I was hosting a panel last year on responsible business when a question from the audience intrigued me:
Would companies ever be receptive to the idea of embedding journalists in their organizations to test the theory of transparency and therefore influence change?
Many companies might bristle at that idea, but it’s something I’ve thought about a lot. I wondered what company would be the first to invite a journalist inside for a closer look at how it was putting its commitment to responsible and sustainable business into practice.
To my surprise, I didn’t have to wait long before Johnson & Johnson reached out to me with an invitation. They wanted to discuss the possibility of going inside their organization to conduct an objective review of its sustainable product development process, which they call Earthwards.
As Keith Sutter, senior product director of sustainable brand marketing at Johnson & Johnson, explained last week in the first of six projected articles,the Earthwards process was developed as an internal tool in 2009 to assess the environmental impacts of products and help drive improvements to meet specific sustainability criteria. The invitation meant I would get an unvarnished view inside a company that has traditionally shied away from the publicity spotlight.
So I dived in.
Diving In: The Challenges of Meeting Sustainability Goals
My first exposure to the inner workings at Johnson & Johnson was an Earthwards quarterly board meeting.
“Early on some of our external reviewers advised us to establish an Earthwards board of directors and appoint people from our legal, marketing, and R&D groups, along with several subject matter experts from the outside,” explained Coleman Bigelow, a board member and global sustainability marketing director in the consumer division at Johnson & Johnson. “Assembling a diverse group of stakeholders has been an important piece of the puzzle.”
As the presentations started, I realized how challenging it could be to change the design, ingredients and packaging of existing products, built on years and years of research and testing. And at a health care company, the products must also meet the highest standards for consumer safety, patient usability, and efficacy.
Layering on sustainability considerations in the product development process added even more complexity.
Diving Deeper: How High Should We Set the Bar?
One product the board reviewed that day was Zytiga, a drug made by Janssen, Johnson & Johnson’s pharmaceuticals group. It’s used in the treatment of metastatic castration-resistant prostate cancer. Janssen had recently acquired the rights to manufacture and distribute Zytiga, and the team saw an opportunity to improve the way the active pharmaceutical ingredient was produced, to decrease its environmental impact, using the Earthwards process to guide the improvement.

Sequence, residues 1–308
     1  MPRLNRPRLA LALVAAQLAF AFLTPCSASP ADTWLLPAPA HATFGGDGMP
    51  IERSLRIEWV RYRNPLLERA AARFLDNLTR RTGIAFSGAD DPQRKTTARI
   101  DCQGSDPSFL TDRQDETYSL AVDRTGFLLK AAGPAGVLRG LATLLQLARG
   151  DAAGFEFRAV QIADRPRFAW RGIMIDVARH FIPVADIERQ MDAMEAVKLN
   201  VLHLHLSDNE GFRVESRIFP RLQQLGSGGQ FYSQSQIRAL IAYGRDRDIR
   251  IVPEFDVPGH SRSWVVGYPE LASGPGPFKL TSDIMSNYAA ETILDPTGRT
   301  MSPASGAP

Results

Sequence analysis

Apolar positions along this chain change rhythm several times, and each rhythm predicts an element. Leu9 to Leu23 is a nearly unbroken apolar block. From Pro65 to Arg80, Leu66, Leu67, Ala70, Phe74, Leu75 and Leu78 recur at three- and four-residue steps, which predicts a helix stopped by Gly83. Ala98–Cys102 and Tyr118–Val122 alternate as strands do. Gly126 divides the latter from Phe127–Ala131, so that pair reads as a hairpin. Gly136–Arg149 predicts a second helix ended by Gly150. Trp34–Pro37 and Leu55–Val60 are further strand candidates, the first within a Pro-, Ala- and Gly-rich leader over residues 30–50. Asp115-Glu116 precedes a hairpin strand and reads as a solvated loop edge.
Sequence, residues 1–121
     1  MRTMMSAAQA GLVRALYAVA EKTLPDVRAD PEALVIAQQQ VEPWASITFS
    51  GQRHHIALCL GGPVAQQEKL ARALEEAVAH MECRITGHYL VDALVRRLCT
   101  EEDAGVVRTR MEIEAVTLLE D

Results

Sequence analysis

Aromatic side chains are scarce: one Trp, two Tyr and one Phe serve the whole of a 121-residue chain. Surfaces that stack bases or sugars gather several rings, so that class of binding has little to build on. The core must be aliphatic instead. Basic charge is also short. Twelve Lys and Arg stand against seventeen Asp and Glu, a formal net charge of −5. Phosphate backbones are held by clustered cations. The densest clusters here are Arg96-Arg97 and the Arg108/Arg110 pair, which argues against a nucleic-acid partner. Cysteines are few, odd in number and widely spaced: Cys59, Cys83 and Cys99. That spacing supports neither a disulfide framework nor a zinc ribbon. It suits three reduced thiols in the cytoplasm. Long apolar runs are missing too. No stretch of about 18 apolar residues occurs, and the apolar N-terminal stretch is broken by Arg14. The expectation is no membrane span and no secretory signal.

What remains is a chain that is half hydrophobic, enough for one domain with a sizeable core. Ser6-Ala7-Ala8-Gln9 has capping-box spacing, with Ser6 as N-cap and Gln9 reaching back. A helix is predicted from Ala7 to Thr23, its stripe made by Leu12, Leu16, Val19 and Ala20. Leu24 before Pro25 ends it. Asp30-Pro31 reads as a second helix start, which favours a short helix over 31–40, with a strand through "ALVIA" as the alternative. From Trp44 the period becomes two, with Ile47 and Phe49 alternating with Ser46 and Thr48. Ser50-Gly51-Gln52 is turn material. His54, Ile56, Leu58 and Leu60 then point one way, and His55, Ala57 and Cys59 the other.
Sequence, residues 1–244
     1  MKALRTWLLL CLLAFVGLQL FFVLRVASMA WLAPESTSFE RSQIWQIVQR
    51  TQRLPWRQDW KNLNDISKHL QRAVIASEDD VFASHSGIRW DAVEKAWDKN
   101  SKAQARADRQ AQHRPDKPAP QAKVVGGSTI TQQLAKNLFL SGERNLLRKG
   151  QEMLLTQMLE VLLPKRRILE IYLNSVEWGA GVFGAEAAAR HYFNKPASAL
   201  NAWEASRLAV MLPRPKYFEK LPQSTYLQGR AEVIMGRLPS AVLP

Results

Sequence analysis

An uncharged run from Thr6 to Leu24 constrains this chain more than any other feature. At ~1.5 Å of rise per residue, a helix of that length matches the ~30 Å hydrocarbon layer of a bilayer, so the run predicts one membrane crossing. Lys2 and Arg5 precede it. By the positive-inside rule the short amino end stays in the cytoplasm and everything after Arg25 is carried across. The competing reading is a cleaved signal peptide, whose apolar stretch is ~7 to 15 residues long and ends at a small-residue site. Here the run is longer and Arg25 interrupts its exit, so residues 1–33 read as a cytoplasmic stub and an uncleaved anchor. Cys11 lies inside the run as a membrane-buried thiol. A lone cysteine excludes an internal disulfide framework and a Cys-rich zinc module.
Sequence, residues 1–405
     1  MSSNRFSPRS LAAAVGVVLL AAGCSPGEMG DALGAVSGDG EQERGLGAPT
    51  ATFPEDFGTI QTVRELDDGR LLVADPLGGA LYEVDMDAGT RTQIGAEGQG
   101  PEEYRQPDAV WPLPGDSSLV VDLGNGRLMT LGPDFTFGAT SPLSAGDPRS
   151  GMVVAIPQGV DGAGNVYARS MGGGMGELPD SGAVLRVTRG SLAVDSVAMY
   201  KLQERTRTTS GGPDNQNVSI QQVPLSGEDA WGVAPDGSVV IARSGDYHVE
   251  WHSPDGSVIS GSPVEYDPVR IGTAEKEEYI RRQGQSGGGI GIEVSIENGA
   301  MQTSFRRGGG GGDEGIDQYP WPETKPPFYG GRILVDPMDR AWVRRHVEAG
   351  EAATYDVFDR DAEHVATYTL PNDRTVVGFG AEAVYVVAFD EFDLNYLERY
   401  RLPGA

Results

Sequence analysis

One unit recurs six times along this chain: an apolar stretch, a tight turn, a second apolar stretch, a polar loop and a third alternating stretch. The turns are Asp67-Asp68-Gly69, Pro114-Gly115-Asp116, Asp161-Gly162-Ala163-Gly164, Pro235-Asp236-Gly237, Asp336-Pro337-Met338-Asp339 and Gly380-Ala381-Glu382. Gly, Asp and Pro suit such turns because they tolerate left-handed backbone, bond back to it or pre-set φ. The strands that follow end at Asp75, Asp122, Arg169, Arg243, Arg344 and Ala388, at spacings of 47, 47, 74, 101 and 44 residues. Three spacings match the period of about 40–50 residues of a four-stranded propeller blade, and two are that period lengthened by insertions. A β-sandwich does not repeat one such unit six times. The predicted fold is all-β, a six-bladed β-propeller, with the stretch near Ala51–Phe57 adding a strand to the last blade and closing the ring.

After the chief scientist for Zytiga walked the group through a formal presentation, the questions began.
Now, picture a room full of people representing different disciplines across the company – from product development to environment,health and safety – and several from outside it.
The range of questions was broad and impressive: Was the product in competition with another one? Did it have FDA approval yet? How would making the proposed changes to the design and production of the drug make it safer for the environment? What about the impact on plant workers? And how would it change the packaging?
Following the Zytiga presentation and discussion, the board took up the next item on its agenda: Should the company move ahead with adding its internally developed Global Aquatic Ingredient Assessment, GAIA for short, to the Earthwards framework? This would allow products in the consumer sector – Aveeno, for example – to receive credit for their improved GAIA score in the materials category of the Earthwards criteria.
The company developed GAIA to evaluate the effect of its product ingredients on water and identify any potential for toxicity, persistence, and bioaccumulation. Now the group questioned whether adding GAIA as an additional layer to the qualifications for Earthwards would raise the bar for other products competing for the recognition.
As with Zytiga, the questions were far-ranging and complex: Does GAIA consider only the environmental impact of product ingredients, or does the assessment also look at their impact on human health? How do we weigh toxicity? How does the consumer sector look at human health?
With suppliers changing, how do we streamline the process? Does this then become a “hazard assessment rather than a risk assessment”?
One example the board used to flesh out the pros and cons of GAIA was Natusan shampoo, which recently earned Earthwards recognition after overcoming a significant hurdle.
Scientists had to figure out how to reduce the number of ingredients from 13 to eight to be eligible for recognition. The team explained that while the 13 in the initial product were thoroughly reviewed for toxicology to ensure that the finished product was safe for human use, the GAIA tool focuses on reducing ecosystem impacts.
The board questioned whether the bar set by GAIA would be too high for some products. “We’re pushing for continual improvement while watching for signs of backsliding, and so far 60% of our products have continued to make further improvements,” was one sentiment. Another was, “We need to set the bar high, but not so high that it discourages product developers from going for it.”
Another board member – this time an external reviewer – commented that the allowable limits of “red” ingredients (those that Johnson & Johnson tries to avoid for environmental reasons) seemed fair, but cautioned that they might not seem fair to others.